Authors: Janna Coomans, Claire Weeda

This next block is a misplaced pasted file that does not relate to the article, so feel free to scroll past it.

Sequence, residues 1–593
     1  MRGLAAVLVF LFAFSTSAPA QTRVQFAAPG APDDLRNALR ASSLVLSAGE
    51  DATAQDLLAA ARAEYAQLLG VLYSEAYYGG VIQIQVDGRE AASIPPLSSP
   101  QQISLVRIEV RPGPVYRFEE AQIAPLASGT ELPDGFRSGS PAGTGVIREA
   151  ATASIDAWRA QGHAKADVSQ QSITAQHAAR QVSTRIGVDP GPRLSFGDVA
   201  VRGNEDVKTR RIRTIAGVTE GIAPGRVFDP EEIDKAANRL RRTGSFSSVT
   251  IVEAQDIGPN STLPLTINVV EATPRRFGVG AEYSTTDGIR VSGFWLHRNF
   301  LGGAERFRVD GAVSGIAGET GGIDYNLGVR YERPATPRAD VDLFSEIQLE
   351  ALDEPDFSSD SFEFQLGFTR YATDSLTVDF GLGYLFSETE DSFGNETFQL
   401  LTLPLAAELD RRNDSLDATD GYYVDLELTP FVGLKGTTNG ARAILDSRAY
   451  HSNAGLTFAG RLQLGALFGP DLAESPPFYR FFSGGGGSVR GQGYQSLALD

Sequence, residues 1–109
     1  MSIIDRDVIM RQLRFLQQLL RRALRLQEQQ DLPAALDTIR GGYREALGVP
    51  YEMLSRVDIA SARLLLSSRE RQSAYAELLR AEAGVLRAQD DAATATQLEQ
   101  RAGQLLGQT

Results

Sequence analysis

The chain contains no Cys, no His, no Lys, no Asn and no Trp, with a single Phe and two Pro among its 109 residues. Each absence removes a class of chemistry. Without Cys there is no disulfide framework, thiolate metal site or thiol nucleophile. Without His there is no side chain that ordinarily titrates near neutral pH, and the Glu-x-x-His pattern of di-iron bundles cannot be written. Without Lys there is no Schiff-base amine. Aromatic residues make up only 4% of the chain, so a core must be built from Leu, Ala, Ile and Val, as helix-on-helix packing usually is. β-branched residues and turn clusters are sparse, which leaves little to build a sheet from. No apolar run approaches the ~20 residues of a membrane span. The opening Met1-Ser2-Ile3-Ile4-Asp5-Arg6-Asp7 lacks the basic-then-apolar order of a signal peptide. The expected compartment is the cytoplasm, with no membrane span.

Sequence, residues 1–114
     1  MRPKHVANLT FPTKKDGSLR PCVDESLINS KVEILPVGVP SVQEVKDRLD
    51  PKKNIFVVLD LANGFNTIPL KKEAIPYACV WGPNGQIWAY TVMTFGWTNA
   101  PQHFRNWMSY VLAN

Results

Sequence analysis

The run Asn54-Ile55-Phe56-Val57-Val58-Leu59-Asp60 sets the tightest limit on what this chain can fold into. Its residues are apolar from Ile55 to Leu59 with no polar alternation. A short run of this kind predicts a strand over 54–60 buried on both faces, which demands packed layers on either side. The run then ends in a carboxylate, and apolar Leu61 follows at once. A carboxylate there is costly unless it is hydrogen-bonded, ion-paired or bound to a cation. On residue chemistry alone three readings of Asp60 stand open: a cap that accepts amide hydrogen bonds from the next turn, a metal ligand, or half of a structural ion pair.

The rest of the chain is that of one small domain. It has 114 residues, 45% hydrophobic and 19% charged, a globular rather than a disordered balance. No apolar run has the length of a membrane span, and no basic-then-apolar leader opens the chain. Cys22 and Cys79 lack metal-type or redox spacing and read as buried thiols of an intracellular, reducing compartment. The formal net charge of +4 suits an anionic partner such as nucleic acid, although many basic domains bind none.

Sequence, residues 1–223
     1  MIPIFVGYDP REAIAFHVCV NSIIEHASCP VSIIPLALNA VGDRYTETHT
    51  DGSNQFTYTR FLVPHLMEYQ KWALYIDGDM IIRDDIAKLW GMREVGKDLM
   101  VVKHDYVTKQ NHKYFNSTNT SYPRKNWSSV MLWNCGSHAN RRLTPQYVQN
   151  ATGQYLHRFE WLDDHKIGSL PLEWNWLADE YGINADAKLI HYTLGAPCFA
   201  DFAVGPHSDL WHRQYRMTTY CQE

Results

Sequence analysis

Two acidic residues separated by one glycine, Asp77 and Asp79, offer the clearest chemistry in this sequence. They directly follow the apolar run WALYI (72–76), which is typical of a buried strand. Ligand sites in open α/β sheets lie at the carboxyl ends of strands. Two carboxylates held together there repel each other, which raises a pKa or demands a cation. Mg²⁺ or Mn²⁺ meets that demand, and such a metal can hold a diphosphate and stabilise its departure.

Engaging the concepts of flow, circulation and blockage can help us to understand the trajectories of pandemics and the social responses to them. Central to the analysis is the concept of obligatory passage points through which networks must pass. Attempts by various actors to control the movement through them, be they government authorities, health experts and caregivers, economic producers or consumers, can create social tensions. Such tensions were duly recognised during the recurring outbreaks of the plague in the Second Plague Pandemic between the fourteenth and the seventeenth centuries. Analysing historical plague ordinances allows us to expose the power mechanisms impacting networks as they move through spaces, and to remain critical of how circulation is controlled and moralised. We argue that historians can contribute to reviewing these mechanisms behind the spread of epidemics and the responses to them from the perspective of movement and blockage.
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